The most famous mural on Falls Road is on the side of Sinn Fein’s office: a smiling Bobby Sands, famously portrayed by Michael Fassbender in the film Hunger. Sands was the leader of a series of hunger strikes in jail, which eventually claimed his life and nine others before Margaret Thatcher agreed partially to IRA demands to be recognised as “political prisoners”. // “I would always recommend the movie,” says Peadar Whelan, who was interned with Sands at the Long Kesh prison. “In 1978, I was sentenced to life imprisonment for trying to kill a policeman and served 16 years. The Long Kesh was known as the university of revolution. It’s where we developed our political struggle”, which was propelled further by Sands’ election as a member of parliament before he died in 1981. Peadar didn’t go on hunger strike, but he participated in the No Wash protest, where IRA prisoners refused to leave their cells, even to piss. “Every time you left your cell, you would be beaten. So we stopped washing, and eventually, we started spreading our shit on the walls. We were using the conditions we were in—the only means we had—to undermine the system. The screws had carte blanche to do whatever they wanted with us. They would force us to squat over a mirror while they inserted their fingers into our anuses to search us.” In retaliation, the prisoners sent word to the IRA on the outside identifying the prison officers who had abused them. At least 30 were killed. // Originally from Derry—not Londonderry—Peadar came of age with the civil rights movement there which preceded the Troubles in Belfast, and was politicised by events like Bloody Sunday. For him, the conflict was all about politics. “It was a political divide along unionist and nationalist lines. Unionism and loyalism were defined by sectarianism, but for us, it was an anti-imperialist struggle.” For Peadar, Northern Ireland doesn’t exist, only the Six Counties—a view reflected in a stretch of murals that claim solidarity with liberation struggles around the world: Palestine, Catalonia, Kurdistan. For republicans, Ireland was England’s first colony, and still is.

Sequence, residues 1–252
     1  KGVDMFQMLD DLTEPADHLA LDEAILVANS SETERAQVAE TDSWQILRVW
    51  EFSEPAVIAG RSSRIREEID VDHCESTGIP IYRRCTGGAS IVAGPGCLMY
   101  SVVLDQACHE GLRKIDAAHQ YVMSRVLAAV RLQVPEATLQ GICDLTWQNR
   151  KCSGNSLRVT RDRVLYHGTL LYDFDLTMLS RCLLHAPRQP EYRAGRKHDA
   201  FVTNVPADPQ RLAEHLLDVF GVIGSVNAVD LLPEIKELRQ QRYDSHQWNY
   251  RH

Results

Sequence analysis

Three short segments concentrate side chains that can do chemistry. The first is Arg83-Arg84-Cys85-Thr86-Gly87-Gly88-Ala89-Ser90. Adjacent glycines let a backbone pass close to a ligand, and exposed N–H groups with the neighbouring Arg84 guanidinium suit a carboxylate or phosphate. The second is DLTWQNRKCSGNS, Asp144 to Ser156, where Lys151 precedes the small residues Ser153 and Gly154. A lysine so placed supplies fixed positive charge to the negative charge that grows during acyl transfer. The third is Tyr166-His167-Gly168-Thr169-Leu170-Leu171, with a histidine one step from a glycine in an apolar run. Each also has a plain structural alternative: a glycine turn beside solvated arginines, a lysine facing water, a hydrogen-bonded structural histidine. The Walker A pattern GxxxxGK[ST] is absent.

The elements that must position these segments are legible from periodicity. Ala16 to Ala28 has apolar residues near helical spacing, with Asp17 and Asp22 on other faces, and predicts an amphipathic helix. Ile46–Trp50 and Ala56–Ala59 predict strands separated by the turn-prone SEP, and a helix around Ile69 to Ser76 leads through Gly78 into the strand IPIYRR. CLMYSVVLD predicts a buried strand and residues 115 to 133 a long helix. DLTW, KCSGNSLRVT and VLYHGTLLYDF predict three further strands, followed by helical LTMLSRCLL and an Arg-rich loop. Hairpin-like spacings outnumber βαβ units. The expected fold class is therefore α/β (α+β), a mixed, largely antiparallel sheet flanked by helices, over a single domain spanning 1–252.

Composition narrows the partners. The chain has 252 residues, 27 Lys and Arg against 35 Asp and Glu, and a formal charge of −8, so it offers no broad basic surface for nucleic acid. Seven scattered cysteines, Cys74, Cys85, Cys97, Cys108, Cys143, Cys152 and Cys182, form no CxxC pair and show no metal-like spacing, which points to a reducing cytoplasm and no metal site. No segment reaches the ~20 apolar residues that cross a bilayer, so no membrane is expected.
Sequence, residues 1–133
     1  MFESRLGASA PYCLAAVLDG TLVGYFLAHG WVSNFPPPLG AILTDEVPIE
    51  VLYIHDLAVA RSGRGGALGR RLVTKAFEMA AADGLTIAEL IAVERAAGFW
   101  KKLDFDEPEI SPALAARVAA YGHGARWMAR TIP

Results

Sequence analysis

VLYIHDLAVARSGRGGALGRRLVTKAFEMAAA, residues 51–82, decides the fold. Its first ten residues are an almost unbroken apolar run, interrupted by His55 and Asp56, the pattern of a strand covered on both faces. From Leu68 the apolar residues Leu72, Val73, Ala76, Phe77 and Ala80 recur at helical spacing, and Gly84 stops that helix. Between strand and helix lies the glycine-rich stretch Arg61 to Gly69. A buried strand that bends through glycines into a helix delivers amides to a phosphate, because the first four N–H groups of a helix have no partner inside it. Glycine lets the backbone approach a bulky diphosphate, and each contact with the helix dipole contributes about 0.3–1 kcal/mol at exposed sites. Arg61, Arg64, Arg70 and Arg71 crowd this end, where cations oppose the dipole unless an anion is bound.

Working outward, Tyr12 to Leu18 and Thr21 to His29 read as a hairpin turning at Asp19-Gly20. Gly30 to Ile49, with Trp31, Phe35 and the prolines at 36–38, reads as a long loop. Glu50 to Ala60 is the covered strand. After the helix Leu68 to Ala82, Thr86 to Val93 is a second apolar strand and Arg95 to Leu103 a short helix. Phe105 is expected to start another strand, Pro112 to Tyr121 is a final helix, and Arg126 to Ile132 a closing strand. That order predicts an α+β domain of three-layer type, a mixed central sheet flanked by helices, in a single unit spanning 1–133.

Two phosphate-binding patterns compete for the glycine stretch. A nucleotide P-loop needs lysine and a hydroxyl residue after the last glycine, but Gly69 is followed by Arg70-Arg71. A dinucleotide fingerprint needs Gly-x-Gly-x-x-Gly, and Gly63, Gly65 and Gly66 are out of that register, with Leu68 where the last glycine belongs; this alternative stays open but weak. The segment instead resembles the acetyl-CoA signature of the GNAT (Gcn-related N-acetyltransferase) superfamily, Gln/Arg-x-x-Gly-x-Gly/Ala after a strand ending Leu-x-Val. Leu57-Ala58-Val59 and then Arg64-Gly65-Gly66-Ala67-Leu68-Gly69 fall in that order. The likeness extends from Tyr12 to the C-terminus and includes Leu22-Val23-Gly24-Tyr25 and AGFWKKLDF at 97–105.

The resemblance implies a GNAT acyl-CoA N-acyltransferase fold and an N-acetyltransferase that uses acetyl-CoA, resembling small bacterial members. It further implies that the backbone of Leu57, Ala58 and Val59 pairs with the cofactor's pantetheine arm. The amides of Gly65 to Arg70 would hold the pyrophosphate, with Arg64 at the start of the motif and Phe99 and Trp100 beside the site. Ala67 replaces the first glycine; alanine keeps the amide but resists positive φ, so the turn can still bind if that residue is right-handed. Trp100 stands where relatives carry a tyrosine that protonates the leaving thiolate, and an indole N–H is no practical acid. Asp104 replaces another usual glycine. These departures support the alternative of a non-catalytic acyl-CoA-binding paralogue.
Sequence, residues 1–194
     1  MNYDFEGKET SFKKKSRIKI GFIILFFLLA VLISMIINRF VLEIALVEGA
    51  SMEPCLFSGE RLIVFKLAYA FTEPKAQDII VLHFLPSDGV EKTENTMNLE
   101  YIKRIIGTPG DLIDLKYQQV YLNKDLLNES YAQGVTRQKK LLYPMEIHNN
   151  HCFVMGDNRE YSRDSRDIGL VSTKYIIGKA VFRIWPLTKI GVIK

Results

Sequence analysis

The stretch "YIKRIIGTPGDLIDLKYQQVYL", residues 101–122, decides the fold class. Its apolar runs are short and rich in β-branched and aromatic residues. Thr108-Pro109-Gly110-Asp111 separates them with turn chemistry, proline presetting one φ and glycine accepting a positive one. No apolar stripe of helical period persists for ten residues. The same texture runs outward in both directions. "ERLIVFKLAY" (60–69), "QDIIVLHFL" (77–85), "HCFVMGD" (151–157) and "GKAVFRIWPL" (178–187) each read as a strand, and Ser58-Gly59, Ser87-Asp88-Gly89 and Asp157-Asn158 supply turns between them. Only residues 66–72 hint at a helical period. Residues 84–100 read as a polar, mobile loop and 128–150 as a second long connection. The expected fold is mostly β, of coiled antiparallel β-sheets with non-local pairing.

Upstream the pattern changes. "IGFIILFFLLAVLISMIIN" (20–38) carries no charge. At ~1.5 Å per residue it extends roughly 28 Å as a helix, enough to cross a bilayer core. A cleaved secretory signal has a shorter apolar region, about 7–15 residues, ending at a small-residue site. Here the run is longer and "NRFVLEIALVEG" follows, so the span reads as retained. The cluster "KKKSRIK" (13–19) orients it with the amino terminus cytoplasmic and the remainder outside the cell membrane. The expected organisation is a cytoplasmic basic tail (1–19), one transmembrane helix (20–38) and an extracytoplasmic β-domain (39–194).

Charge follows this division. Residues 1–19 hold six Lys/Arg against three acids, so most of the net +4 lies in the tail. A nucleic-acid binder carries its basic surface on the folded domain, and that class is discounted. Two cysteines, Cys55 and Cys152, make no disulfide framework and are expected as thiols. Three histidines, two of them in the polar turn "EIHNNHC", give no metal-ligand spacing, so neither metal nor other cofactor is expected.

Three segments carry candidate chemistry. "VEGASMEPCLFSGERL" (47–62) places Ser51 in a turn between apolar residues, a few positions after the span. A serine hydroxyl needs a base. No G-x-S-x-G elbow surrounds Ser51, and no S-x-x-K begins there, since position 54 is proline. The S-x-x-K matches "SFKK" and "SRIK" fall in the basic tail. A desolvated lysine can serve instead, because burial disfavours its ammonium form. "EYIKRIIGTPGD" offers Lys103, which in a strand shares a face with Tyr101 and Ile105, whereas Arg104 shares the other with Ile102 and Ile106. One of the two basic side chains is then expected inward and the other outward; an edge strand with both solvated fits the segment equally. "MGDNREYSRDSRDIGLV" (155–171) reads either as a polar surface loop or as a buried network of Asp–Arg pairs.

“Growing up, I had Ian Paisley way up here,” Noel says, referring to the incendiary preacher who rode to popularity among Protestants on anti-Catholic rhetoric. “He told you it was a waste of time joining the security forces if you wanted to fight the IRA because the British were secretly talking to them. The message was clear. I knew I had to join a group that would go outside the law.” // Then, Bloody Friday: a clear summer’s day. The IRA ignited 19 bombs across Belfast in 80 minutes, killing nine, including Noel’s friend William Crothers, a 15-year-old who had just started a summer job in the city. “On the evening news, you could see firemen collecting parts of bodies into black plastic bags,” Noel recalls. // Walking along Shankill Road, I notice that the murals strike a more uncompromising stance than those on the other side of the wall. Outlawed loyalist paramilitary groups still loom large as “defenders of the community”, with smiling UVF men wielding guns, though the balaclavas have gone. Crosses of poppies hang on shopfronts as signs of tragedy. A memorial dedicated to the victims of the Bayardo Bar bombing—mostly Protestant civillians—features a “montage of atrocities” committed by the IRA, including the bombing of a furniture shop that killed two babies. A poster reads: IRA–SINN FEIN–ISIS: NO DIFFERENCE. Noel says, “The IRA will sit in the same room as me today while we talk to student groups and they’ll say that Bayardo wasn’t sectarian. I’ll say, how was it not? It was nakedly sectarian, just as I was nakedly sectarian. Yes, that was me. It was wrong.” // Somewhere in the police’s interrogation notes, Noel is said to have laughed as he confessed to shooting a man in the head. It’s hard to square that chilling portrait with the man who stands in front of me now on a street curb, hunched against the Irish winter, reciting a poem he wrote in jail about a time before the Troubles “filled with hopes and dreams and adventures”. For Noel, these tours are about telling a story of what happened here in an abnormal time. “It’s about telling people we weren’t all monsters, and letting them make up their minds.”